(5 Jan 2021) A small portion of scientific papers are retracted for research that is in error or fraudulent. But those papers can continue to be cited by other scientists in their work, potentially passing along the misinformation from the retracted articles.
Jodi Schneider, a professor of information sciences at the University of Illinois Urbana-Champaign who studies scholarly publications and how information gets used, is considering how scientific journals can better communicate about retracted articles. In a new study published in the journal Scientometrics, she found that a retracted clinical trial report continues to be cited 11 years after its retraction – and that citations actually increased after it was retracted.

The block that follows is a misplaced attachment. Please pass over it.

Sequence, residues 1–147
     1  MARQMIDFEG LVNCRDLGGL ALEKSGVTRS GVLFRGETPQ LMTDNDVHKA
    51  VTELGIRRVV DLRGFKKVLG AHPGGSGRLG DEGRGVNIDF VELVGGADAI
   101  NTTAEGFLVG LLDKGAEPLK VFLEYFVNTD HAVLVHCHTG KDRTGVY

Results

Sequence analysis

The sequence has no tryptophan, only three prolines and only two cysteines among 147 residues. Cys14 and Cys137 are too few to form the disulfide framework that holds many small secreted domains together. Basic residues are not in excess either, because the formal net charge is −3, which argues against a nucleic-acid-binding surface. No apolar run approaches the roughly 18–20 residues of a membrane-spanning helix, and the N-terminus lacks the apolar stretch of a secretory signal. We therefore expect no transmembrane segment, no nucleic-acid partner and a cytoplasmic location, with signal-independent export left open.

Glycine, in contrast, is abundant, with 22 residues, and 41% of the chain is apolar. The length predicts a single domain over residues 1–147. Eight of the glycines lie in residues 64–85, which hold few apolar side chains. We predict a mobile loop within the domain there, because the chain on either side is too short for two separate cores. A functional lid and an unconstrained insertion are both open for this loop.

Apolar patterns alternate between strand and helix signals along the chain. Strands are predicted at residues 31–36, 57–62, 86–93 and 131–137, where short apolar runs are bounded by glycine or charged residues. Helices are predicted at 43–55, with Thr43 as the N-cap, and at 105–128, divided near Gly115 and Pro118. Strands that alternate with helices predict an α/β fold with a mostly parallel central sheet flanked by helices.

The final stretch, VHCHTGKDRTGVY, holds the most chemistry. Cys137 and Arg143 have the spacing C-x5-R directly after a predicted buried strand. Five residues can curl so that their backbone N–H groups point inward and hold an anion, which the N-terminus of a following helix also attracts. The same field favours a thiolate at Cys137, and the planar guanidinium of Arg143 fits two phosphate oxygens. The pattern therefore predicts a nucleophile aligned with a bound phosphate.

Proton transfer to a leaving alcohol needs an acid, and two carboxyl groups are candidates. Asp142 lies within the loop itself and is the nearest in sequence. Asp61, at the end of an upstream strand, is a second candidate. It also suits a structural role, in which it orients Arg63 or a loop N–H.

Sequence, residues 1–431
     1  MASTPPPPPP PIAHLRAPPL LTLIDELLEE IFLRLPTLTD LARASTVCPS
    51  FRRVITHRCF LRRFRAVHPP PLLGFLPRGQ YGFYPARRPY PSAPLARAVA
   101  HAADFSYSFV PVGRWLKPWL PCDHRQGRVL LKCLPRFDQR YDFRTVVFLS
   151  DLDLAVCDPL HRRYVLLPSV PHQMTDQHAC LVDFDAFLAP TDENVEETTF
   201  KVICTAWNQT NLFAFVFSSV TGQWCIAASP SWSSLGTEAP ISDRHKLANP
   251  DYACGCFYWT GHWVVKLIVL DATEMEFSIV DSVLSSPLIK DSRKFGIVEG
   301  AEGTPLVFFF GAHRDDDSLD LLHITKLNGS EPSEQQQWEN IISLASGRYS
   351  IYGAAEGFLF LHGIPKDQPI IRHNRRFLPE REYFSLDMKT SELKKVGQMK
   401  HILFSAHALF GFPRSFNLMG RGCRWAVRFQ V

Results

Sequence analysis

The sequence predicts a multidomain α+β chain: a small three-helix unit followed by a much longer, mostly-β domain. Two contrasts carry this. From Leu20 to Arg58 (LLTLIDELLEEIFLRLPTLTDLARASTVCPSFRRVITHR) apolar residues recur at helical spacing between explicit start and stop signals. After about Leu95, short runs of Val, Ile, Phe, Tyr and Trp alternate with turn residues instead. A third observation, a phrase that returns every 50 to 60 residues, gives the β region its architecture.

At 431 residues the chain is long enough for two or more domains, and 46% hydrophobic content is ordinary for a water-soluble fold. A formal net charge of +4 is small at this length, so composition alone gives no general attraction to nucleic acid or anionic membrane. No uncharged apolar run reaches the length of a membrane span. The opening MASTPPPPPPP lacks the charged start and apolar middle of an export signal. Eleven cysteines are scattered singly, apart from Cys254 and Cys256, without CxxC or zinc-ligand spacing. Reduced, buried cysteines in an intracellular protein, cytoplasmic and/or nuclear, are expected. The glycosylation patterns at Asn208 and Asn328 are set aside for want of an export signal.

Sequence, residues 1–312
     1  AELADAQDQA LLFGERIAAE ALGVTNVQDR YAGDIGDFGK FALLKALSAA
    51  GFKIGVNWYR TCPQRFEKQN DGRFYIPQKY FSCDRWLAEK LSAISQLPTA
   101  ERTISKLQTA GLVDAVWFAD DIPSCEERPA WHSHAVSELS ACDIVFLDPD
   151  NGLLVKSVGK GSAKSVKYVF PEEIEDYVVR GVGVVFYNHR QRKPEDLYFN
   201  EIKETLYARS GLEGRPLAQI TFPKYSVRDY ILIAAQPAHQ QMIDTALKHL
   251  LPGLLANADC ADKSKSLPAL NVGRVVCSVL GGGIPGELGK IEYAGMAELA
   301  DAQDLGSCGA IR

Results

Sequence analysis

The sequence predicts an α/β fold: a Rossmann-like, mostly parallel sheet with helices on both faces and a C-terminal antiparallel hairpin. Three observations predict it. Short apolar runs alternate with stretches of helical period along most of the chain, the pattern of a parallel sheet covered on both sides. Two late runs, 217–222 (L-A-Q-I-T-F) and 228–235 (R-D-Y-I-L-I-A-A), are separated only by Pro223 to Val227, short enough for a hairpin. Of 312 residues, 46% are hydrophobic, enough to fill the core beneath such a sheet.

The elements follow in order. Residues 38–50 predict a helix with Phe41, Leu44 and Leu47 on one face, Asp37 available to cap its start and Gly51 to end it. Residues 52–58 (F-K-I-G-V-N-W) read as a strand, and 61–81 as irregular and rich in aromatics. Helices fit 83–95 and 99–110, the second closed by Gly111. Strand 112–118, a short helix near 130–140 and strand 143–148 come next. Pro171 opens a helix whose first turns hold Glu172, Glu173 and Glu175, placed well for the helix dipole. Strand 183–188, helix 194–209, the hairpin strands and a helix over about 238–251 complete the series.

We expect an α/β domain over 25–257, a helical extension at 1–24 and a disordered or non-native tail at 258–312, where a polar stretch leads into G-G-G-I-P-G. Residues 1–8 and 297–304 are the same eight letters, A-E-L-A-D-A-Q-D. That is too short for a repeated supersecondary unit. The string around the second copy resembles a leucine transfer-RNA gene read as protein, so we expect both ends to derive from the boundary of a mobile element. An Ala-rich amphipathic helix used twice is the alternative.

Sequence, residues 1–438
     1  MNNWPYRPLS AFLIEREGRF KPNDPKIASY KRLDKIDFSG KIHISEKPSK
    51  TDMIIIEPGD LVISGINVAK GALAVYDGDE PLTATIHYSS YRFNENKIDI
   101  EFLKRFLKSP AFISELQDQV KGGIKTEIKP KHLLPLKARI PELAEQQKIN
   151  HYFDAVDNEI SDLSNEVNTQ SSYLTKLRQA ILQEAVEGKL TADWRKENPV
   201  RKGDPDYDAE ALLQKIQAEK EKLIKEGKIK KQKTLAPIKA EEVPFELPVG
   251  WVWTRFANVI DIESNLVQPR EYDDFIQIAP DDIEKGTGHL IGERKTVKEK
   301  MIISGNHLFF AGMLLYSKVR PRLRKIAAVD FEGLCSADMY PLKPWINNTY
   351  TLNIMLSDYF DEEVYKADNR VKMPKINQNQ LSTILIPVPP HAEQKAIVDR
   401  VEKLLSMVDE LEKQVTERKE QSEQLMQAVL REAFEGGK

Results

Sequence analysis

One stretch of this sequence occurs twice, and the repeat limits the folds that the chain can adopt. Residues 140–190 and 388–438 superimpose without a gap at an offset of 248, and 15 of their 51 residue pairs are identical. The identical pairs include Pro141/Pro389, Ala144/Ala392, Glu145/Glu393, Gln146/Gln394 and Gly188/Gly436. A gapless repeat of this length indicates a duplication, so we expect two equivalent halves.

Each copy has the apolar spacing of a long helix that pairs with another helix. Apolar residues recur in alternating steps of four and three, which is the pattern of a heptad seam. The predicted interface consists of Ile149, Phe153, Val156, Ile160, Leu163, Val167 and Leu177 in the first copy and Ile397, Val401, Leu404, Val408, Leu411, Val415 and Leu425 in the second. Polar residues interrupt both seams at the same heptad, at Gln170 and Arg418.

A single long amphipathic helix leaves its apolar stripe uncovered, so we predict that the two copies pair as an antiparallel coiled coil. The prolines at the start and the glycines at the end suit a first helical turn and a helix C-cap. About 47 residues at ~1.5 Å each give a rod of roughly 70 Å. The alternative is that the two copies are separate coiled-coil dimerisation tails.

Schneider’s team reviewed citations of a 2005 paper in the field of respiratory medicine that found omega-3 fatty acids to be helpful in reducing inflammatory markers in patients with chronic obstructive pulmonary disease. The paper was retracted in 2008 for reporting on falsified clinical trial data.
The original news is here.
Schneider’s research paper can be found here.